– MAY 2018 INSIGHTS BY THE CURVE TEAM –
- The RBA left the cash rate on hold again in May and continues to see a gradual move towards achieving its forecasts over the medium term.
- Short term rates have eased back over the past week; however, the yield curve continues to steepen.
- There is a growing consensus that from a global perspective inflation is on its way back.
- Risks to the domestic outlook remain skewed to the downside, suggesting any change to the cash rate is some way off.
Australian Economic Highlights
- Growth for Q4 came in at 0.4%, short of both the market and RBA’s expectations. The economy grew just 0.4% in Q4 which saw the annual rate slow to 2.4% from an upwardly revised 2.9% last quarter.
- CPI was largely in line with estimates in the first quarter. While the annual rate of headline inflation was unchanged, the core rate edged higher thanks to revisions to previous quarters. It has the RBA suggesting core inflation has bottomed for this cycle.
- Employment data has slowed rather dramatically the past two months. Total employment was up 4,900 in March while February’s gain of 17,500 was revised to a decline of 6,300. The unemployment rate remained stable at 5.5% thanks to a fall in the participation rate.
- The weakness in the ANZ job ads report continued for a third straight month. Falls for the past three months are at odds with the NAB business survey employment index which is hovering near a record high.
- The NAB business conditions bounced back equal its record high going back to 1997 with the index at 21. The Business confidence also improved with the index rising to 10, above its long run average of 6. Wage and cost pressures remain absent according to the survey.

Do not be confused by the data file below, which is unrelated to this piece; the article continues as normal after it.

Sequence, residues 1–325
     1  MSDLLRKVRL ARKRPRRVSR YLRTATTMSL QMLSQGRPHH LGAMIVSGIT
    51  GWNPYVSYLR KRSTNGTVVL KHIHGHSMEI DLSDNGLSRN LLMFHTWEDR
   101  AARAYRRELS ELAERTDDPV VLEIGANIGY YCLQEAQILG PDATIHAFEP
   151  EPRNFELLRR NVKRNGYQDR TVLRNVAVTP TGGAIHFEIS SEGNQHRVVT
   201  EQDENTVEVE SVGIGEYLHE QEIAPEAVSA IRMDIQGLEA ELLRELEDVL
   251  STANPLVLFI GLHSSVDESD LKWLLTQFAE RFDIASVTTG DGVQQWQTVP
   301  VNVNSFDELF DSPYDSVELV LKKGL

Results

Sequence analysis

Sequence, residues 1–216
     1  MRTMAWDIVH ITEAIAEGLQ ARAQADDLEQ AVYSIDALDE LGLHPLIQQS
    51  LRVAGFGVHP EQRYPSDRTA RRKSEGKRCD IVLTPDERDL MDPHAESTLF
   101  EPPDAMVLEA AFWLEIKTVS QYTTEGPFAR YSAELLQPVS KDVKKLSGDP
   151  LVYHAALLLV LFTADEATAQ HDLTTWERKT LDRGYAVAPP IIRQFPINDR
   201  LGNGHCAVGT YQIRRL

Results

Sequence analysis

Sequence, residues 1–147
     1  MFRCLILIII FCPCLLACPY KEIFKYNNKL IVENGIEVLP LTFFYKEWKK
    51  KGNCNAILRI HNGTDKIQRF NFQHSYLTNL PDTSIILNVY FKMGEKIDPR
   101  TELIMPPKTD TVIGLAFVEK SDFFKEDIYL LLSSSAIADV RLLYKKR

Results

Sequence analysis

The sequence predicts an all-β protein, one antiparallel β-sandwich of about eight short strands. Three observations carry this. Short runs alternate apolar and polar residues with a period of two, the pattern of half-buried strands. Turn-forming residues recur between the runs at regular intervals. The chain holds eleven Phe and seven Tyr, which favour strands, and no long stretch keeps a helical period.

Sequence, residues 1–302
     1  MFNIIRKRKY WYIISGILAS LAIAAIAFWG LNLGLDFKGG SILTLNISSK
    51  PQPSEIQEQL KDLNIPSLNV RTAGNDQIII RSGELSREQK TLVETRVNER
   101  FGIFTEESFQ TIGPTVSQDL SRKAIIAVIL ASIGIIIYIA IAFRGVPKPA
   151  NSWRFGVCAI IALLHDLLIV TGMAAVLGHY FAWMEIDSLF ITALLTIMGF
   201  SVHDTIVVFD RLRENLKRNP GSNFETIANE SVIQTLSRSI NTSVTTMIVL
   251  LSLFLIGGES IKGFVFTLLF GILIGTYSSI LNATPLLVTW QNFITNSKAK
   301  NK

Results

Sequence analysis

- Consumer confidence slipped a little in April but managed to hold above the key 100 level. Family finances continue to prove a drag on the index which remains well below the 105-115 level, typically associated with a robust consumer.
- The February bounce in Retail sales was short lived with sales flat in March and falling 0.5% excluding food. The result dragged down the quarterly performance with sales ex-inflation only 0.2% in Q1.
- Housing finance remained stable again in February. Headwinds to housing finance are growing as negative headlines from the Royal Commission increase the push for tighter lending standards while funding costs continue to rise.
- Australia’s trade balance has gone from strength to strength throughout the first quarter. After solid results in January and February, the trade surplus rose to $1.5bln in March. Net exports are expected to boost growth in the first quarter.
- Following large swings in Building approvals as high density approvals rise and fall each month, total approvals were more stable in March. Approvals rose 2.6% to be 14.5% higher than a year ago but remain 10% below the 2015-16 peak.